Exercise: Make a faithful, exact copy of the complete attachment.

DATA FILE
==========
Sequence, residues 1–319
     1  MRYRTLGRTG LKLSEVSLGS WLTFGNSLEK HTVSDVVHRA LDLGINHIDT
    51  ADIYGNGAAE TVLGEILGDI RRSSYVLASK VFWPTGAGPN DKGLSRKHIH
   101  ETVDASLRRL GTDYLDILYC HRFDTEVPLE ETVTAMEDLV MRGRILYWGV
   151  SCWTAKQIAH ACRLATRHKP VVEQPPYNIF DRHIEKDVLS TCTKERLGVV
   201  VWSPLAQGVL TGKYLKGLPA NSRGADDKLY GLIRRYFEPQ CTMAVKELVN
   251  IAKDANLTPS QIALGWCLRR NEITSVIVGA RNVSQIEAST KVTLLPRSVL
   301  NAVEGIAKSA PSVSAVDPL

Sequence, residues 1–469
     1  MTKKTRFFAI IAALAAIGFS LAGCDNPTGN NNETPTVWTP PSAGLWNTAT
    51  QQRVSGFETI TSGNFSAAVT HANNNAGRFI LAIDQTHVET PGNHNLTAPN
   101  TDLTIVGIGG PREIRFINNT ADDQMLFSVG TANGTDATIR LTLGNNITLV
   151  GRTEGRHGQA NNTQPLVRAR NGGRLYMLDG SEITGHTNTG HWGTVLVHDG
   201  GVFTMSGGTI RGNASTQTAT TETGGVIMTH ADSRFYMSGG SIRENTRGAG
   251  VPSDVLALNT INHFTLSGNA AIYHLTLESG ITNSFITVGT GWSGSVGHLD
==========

Sequence, residues 1–319
     1  MRYRTLGRTG LKLSEVSLGS WLTFGNSLEK HTVSDVVHRA LDLGINHIDT
    51  ADIYGNGAAE TVLGEILGDI RRSSYVLASK VFWPTGAGPN DKGLSRKHIH
   101  ETVDASLRRL GTDYLDILYC HRFDTEVPLE ETVTAMEDLV MRGRILYWGV
   151  SCWTAKQIAH ACRLATRHKP VVEQPPYNIF DRHIEKDVLS TCTKERLGVV
   201  VWSPLAQGVL TGKYLKGLPA NSRGADDKLY GLIRRYFEPQ CTMAVKELVN
   251  IAKDANLTPS QIALGWCLRR NEITSVIVGA RNVSQIEAST KVTLLPRSVL
   301  NAVEGIAKSA PSVSAVDPL

Sequence, residues 1–469
     1  MTKKTRFFAI IAALAAIGFS LAGCDNPTGN NNETPTVWTP PSAGLWNTAT
    51  QQRVSGFETI TSGNFSAAVT HANNNAGRFI LAIDQTHVET PGNHNLTAPN
   101  TDLTIVGIGG PREIRFINNT ADDQMLFSVG TANGTDATIR LTLGNNITLV
   151  GRTEGRHGQA NNTQPLVRAR NGGRLYMLDG SEITGHTNTG HWGTVLVHDG
   201  GVFTMSGGTI RGNASTQTAT TETGGVIMTH ADSRFYMSGG SIRENTRGAG
   251  VPSDVLALNT INHFTLSGNA AIYHLTLESG ITNSFITVGT GWSGSVGHLD